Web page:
Childrens Savings Accounts
The Junior ISA celebrates its second birthday on the 1st November and for the first time a majority (57%) of parents are aware of the long-term children’s saving product.
Almost three quarters of parents pay pocket money in the UK, contributing over £43 million to their children's piggy banks every week, data from the latest Aviva Family Finances Report series reveals.
Skipton Building Society has bolstered its good value range of young people's savings with a unique new Children's Bond offering a rate of 3.00%, fixed for five years.
To mark the birth of The Duke and Duchess of Cambridge's baby boy, George Alexander Louis, Virgin Money is giving away Virgin Young Saver Accounts loaded with £25, and WWF Animal Adoption kits, to the first 1,000 Georges aged under 16 who open an account in-Store.
The vast majority of 10 year-olds are more savings savvy than their parents were at the same age, with more than one in 10 already putting money aside to prepare for school, university or even buying a house.
Virgin Money has partnered with the WWF, the world's leading independent conservation organisation, to show the importance of saving for the future - whether that is for the financial future of children, or protecting the future of some of the world's endangered animals.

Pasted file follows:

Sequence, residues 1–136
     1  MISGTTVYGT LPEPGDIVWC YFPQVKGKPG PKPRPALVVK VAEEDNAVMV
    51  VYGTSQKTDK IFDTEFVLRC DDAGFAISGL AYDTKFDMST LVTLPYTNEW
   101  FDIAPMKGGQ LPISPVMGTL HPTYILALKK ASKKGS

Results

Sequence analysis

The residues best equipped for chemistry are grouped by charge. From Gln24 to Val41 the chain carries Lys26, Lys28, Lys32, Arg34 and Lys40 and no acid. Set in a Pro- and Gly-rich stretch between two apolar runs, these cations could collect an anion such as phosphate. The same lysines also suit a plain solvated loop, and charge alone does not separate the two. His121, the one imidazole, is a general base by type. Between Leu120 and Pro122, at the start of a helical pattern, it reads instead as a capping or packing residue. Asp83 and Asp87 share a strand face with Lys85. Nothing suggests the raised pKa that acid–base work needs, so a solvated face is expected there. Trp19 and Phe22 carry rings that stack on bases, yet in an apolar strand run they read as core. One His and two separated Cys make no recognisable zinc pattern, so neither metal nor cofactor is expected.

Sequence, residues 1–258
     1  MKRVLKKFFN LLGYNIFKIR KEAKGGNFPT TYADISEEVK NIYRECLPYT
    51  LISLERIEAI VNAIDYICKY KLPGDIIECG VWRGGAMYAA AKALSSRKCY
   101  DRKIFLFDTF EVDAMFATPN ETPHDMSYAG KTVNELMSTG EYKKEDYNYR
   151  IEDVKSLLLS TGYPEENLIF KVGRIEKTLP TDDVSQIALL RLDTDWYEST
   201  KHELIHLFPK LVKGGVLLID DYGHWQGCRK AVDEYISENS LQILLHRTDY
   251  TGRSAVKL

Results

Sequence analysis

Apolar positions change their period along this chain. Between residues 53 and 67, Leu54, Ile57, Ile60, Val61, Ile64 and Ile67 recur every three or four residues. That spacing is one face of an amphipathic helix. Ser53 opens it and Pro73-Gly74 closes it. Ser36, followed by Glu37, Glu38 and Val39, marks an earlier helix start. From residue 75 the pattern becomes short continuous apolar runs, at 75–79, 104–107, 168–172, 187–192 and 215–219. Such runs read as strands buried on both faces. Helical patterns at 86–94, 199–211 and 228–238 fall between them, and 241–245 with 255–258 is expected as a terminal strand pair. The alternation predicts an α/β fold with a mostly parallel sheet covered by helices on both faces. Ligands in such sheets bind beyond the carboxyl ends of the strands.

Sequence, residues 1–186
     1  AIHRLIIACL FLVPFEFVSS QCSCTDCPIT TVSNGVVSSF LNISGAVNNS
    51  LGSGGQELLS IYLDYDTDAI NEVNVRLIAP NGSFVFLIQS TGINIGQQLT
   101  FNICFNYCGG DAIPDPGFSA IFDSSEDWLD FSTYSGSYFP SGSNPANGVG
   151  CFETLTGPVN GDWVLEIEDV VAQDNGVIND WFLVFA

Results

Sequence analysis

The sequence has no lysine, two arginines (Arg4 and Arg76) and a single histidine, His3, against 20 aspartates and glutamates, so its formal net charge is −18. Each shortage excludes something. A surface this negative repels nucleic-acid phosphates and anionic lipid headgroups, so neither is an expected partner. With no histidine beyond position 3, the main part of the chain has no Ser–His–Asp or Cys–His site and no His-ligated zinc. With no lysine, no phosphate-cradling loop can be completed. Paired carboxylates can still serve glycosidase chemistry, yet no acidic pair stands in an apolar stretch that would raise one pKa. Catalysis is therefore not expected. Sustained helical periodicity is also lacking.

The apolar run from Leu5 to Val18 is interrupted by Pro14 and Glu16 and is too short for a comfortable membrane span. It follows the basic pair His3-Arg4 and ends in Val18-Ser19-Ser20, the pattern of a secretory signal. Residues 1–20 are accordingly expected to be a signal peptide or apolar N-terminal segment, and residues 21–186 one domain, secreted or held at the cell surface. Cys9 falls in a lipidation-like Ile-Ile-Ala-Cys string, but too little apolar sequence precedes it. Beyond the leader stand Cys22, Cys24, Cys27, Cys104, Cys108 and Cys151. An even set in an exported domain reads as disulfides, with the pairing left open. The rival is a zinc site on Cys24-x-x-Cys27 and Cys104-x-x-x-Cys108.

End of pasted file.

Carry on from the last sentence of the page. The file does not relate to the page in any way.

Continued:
The majority of parents with children currently 10 years old or under have some form of savings account for their child in place, according to the latest research from Lloyds TSB.
As Junior ISAs (JISAs) pass their first anniversary, analysis of Alliance Trust Savings customer data has revealed that nearly a third of JISA holders are one-year-old or under (29%), with 13 year olds the next most popular age (12%).
The Share Centre has been selected as one of the providers of Junior ISAs for looked after children and young people.
NatWest is bringing back its much-loved piggy banks in a children’s competition to design a new pig for the famous family.
Even though they aren't yet old enough to get a paying job, almost two thirds of children are already earning money to help pay for the things they want by helping with housework and doing chores.
Parents with children under 18 are resorting to taking or borrowing their children's savings to help pay the bills, according to research from MoneySupermarket.
The amount of weekly pocket money received by 8-15 year olds in 2012 has fallen to £5.98, a drop of 27p a week and £14.04 a year, with the gap between the amounts received by boys and girls also increasing, according to the Halifax Pocket Money Survey.
Clydesdale and Yorkshire Banks are to launch two new savings accounts for children.
As devoted parents or grandparents, many people want to give their young relatives the best possible start in life.
1 to 15 of 94 for Childrens Savings Accounts